Previously published in Enfants du Mékong magazine, Thursday 5 June 2014
Mathilde, a ‘bambou’ volunteer in Laos, tells us of her intense discovery at the Baan home hug Centre, which takes in children who are victims of AIDs. A poignant experience.
The Baan home hug Centre is situated close to the town of Yasothon in Isan, the region bordering on Laos. Considered to be one of the poorest regions of Thailand, a lot of Thai people leave to look for work elsewhere. Many fall into prostitution in Bangkok or Pattaya then contaminate their families when they return home. This is one of the most AIDS-affected regions in Thailand.
The centre was created around twenty years ago with the primary aim of taking in orphaned victims of AIDS. It was founded by Mae Thiew, an extraordinary woman of a rare kindness and generosity. Today the centre is home to 55 children, with ages ranging from 18 months to 22 years. All these children have something in common: they are orphans. Their parents have died, abandoned them or are unable to look after them properly.
“When I arrived at the centre, I wanted to know each child’s story. But I soon realised I would have preferred not to know”
17 children are infected with AIDS. Moreover a large number of the other children have a link to AIDS since one or both of their parents have died from the virus. Sometimes these children also have brothers or sisters who have died for the same reason. The centre does not solely care for children affected by AIDS; it also takes in children who have lived in an unhealthy or even dangerous family environment. For example, they have been exposed to violent parents, drug addiction, or alcoholism. About two weeks before this article was written, a young girl came to the centre to escape child trafficking. Now the centre is her new home.
Everyday 13 mothers called ‘mé’ (‘mum’ in Thai) and 4 fathers called ‘po’ (‘dad’ in Thai) look after this troop: they take care of the children night and day. This kind team is charged with raising the children, caring for them, and loving them. These mothers and fathers genuinely consider the children to be their own; it is very touching. Incidentally, when I asked a ‘mé’ if she had any children and how many, she replied without hesitation that she had 55. Some of them have always lived here because they were taken in when they were very young. The first thing that struck me upon my arrival was the discovery of such alert children. They watch over one another and look after each other as if they were brothers and sisters.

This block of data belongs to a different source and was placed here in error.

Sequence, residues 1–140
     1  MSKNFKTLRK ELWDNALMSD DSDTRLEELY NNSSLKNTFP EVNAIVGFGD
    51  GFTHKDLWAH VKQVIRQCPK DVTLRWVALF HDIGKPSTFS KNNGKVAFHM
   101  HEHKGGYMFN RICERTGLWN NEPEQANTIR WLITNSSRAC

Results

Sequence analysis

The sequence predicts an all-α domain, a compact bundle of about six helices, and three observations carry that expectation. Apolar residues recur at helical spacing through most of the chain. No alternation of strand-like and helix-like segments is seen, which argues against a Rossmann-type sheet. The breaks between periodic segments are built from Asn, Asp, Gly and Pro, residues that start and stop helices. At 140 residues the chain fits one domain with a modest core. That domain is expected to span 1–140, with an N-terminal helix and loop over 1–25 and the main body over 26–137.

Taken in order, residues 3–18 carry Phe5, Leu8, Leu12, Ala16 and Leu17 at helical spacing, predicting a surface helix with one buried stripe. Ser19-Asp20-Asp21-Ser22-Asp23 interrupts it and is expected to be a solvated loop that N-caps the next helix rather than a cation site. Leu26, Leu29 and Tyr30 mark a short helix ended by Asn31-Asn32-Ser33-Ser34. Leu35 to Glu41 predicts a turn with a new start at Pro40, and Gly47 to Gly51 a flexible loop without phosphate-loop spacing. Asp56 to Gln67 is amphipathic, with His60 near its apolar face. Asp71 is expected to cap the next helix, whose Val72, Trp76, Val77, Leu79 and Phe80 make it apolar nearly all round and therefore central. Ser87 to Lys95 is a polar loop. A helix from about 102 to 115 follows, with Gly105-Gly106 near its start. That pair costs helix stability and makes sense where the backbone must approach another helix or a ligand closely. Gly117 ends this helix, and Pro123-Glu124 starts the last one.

“The centre’s founder said something which has really stayed with me. She told me that she did not pity these children but she understood them”
As soon as I arrived, I found myself surrounded by 3 or 4 children. Without fear, they took me by the hand and showed me where I would be staying. For the duration of my stay, they gently and kindly tried to explain to me what to do and what not to do. These children’s levels of maturity and problem solving ability are incredible! The older children start to look after the youngest ones from an early age. For example, a little girl of 11 is in charge of bathing the youngest child, aged only 18 months. A toddler of 2 explained to me how to put on her nappy and where to find her pyjamas. As soon as possible, the team of mums and dads teach the orphans how to be responsible and take care of things themselves. When they cry, they have to learn to soothe themselves. I have rarely encountered such affectionate and smiling children. When you least expect it, they come and stick to you like glue. Even someone who is not overly fond of children would fall for them. It’s truly magical!
You quickly forget where they come from and what they have been through.
When I arrived at the centre, I wanted to know each child’s story. But I soon realised I would have preferred not to know. Everything I heard sent shivers down my spine. Some of the children had been abandoned in the middle of nowhere when they were very young, or even when they were 7 or 8. At this age they knew exactly what was happening to them. I am completely astounded by these children. If I hadn’t know about their backgrounds, I wouldn’t have imagined that they’d lived through any horrors. They are such happy, smiley and funny children! They are incredible! The centre’s founder said something which has really stayed with me. She told me that she did not pity these children but she understood them. Her solution to try and bring some relief to these children is simply to bring them love and tenderness. “Baan home hug is the place where we give and receive,”, hence the name of the centre. Those few days at the centre passed very quickly and I would have like to stay longer. The days were very busty. My stay at the Baan home hug Centre has given me one of the biggest life lessons I have ever received. The centre is concrete proof that with tenderness, joie de vivre and smiles, we can really make a difference.
Text and photos by Mathilde Levivier
This is a translated version of the original article.